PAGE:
65 yo F with PMH significant for HTN, COPD, breast ca p/w chest pain and back pain. Pt describes pain as constant, worse with exertion and associated with shortness of breath. Pt was seen by cardiologist and referred to ED for further evaluation.
Constitutional: No fever/chills,
Cardiac: +chest pain, +SOB, no palpitations
Respiratory: No cough or respiratory distress, +SOB with exertion
Abdomen: No nausea/vomiting, no diarrhea/constipation
Skin: No skin rash
Vitals: T 97.9F, BP 201/128, HR 100, RR 20, Pulse ox 89% in RA
Constitutional: anxious, well-dressed, no acute distress
Card: Normal S1 and S2, tachy, no murmurs/rubs/gallops
Resp: Lungs CTA b/l, no wheezes/rales/rhonchi
Abdomen: Soft, nontender, nondistended, normal bowel sounds
Ext: Normal ROM, no clubbing, cyanosis or edema
Neuro: Alert, anxious, oriented x 3
- What is the image in Figure A?
- What is abnormal about Figure A?
- What do you see in this sagittal view in Figure B?
- What view of the heart is in Figure C?
- What is the abnormal measurement in Figure C depicting?
1. What is the image in Figure A?
2. What is abnormal about Figure A?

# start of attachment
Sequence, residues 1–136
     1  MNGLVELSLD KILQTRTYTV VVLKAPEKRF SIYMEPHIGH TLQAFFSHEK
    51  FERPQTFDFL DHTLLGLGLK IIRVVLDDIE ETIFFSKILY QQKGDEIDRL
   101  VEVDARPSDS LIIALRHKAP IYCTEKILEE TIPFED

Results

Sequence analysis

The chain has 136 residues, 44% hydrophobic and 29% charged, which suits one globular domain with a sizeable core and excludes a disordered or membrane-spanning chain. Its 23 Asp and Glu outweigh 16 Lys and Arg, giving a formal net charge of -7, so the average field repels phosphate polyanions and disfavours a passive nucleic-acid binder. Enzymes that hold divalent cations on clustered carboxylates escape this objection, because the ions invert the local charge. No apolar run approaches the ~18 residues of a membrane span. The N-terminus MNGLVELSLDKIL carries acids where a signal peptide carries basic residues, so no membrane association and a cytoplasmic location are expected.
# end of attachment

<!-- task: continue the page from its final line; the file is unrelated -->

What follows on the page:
The size of the distal aorta should be less than 3 cm. Significant
abdominal aneurysms (i.e., high risk of rupture) are usually greater
than or equal to 5 cm in diameter with a fusiform shape. AAAs < 4 cm
have a 2% per year risk of rupture, AAAs 4-5 cm have a 3-12% per year
risk of rupture, and AAAs > 5 cm have a 25-41% risk of rupture.
3. What do you see in this sagittal view in Figure B?
You are seeing the sagital view of the aorta, which shows a saccular
outpouching, consistent with an aneurysm. Remember that we do not
measure the aorta when imaging it longitudinally because it is easy to
get an image off midline, known as the cylinderical tangential effect. In this view, we are simply trying to
ensure that saccular outpouchings of the aortic wall are not missed.
4. What view of the heart is in Figure C?
Parasternal long, which shows the left ventricle, mitral valve, left
atrium, aortic outflow, descending thoracic aorta and right ventricle.
5. What is the abnormal measurement in Figure C depicting?
Distal thoracic aorta, which is > 3 cm.
Noble VE, MD, Nelson B, MD. Manual of Emergency and Critical Care
Ultrasound 2nd Ed. Cambridge: Cambridge University Press, 2011. Print